Enlow presented the concept of mandibular entrapment.2 During craniofacial growth, the human mandible bes entrapped below and behind the rotated nasomaxillary complex and the upright body posture positioning of the basicranium and cervical regions. Overbite and overjet, or anterior crowding, are an evolutionary and developmental means to compensate for the vulnerable positioning of the mandible and its temporomandibular joint.2,3

The cephalocaudal growth gradient may play a role in developing malocclusions, especially those exhibiting more narrow maxillary width. Because displacement and remodeling are the most fundamental activities of bone growth, maxillary deficiencies or excesses will tend to prevent the mandible from reaching its “correct” Class I position.

Overall mandibular remodeling and condylar growth are geared to accommodate housing for the developing teeth, to adapt to the mandibular displacement, and to adapt to the complex growth changes occurring throughout the craniofacial structures.3 Genetic determination of mandibular length is overridden by the compensation of the soft-tissue matrix.

Condylar cartilage does not develop by differentiation from embryonic primary cartilages; instead, it has secondary growth potential. The condyle does not determine how the mandible grows; rather the mandible determines how the condyle grows. Compared with other cartilages, condylar cartilage reacts faster with a lower threshold to outside mechanical factors.”21

Mandibular growth combines displacement and remodeling. Enlow found that the length of the corpus, height of the ramus, and direction and shape of the condyle are influenced more “by the genetic determinants that reside wholly in the soft tissue not in the hard part of the bone itself.”2 As a result, “the mandible has often been regarded as less responsive to orthopedic forces because of growth pre-programming.”3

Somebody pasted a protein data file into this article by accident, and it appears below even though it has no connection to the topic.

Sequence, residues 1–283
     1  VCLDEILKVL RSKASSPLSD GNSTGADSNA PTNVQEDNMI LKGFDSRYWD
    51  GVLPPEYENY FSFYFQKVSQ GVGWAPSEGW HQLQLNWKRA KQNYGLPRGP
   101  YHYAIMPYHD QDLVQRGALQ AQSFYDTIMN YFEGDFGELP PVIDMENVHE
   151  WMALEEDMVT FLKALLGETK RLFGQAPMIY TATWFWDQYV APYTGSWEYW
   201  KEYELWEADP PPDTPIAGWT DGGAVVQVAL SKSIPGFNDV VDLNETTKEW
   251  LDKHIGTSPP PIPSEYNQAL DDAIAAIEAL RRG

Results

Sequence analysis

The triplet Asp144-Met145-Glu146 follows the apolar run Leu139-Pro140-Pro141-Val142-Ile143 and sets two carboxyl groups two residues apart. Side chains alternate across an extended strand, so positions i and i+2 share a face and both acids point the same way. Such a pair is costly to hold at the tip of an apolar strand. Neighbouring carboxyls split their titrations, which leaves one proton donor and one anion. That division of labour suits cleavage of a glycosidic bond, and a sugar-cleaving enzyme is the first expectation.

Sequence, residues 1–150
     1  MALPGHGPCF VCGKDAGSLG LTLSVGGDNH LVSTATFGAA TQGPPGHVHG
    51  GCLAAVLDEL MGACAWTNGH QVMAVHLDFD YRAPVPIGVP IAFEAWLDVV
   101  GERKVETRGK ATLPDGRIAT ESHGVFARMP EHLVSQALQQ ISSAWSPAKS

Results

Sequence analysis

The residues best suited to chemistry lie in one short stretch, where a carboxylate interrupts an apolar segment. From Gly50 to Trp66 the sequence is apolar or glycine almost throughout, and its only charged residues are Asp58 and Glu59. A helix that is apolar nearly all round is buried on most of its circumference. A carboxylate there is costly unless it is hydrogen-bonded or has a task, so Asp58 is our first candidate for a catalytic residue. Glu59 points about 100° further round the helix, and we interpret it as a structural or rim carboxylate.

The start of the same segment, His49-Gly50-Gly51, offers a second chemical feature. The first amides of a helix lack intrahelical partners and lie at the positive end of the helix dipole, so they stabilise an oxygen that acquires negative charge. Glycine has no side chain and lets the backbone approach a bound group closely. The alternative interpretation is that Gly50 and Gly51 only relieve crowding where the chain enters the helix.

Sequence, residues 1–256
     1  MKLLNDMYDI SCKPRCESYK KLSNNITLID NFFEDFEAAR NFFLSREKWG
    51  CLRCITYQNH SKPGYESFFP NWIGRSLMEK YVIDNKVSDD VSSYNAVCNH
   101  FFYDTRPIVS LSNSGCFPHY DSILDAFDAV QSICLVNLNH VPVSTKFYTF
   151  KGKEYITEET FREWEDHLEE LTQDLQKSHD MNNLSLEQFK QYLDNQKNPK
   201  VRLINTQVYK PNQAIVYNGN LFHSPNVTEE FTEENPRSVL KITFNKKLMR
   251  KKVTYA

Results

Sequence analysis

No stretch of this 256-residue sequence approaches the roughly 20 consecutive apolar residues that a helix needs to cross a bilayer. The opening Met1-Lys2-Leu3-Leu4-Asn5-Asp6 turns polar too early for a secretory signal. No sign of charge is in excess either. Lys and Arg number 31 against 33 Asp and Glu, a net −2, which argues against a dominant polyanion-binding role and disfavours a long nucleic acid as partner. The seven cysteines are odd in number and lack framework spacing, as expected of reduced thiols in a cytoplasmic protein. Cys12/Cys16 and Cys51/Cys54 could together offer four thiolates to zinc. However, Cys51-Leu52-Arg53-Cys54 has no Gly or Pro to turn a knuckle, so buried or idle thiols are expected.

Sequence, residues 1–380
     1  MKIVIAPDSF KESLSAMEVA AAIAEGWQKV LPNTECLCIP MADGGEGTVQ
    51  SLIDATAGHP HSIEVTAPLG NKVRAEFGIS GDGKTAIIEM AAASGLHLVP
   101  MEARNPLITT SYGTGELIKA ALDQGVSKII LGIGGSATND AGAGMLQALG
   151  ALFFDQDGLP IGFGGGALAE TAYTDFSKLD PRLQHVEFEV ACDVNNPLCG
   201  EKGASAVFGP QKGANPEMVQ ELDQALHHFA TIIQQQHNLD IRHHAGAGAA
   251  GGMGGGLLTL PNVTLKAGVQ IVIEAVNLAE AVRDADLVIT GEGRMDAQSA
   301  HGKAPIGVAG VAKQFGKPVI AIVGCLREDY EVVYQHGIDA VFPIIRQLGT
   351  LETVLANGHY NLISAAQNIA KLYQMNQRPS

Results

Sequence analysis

Development of the alveolus, however, is highly responsive to local changes in the environment. If the mandible is caught in the closing vice between the mid-face above and the airway, gullet, and cervical column behind, it cannot drop downward and forward.3 Mandibular teeth erupt into a pre-existing environment bringing along the associated, and sometimes deficient, alveolus. Results are as varied as the variety of malocclusions.

An interesting consequence of a shift in mandibular posturing, as in a cross bite, is that the head position may compensate to the opposite side. Not only may this affect the symmetry of the growing mandibular condyles, it also may have a profound effect on the growing spine.22-24

Vertical Dimension

Vertical dimension is another aspect of the mandibular displacement process. Because the height of the ramus is primarily driven genetically by the soft tissue controls (“the vertical height of the ramus must match the vertical height of the nasal and dental parts of the ethnomaxillary complex”2), the dental alveolus must compensate if a deficiency occurs. Enlow stated that, “Overjet, overbite, and anterior crowding are phylogenic means to relieve the mandible and its temporomandibular joint placed in this vulnerable position.”2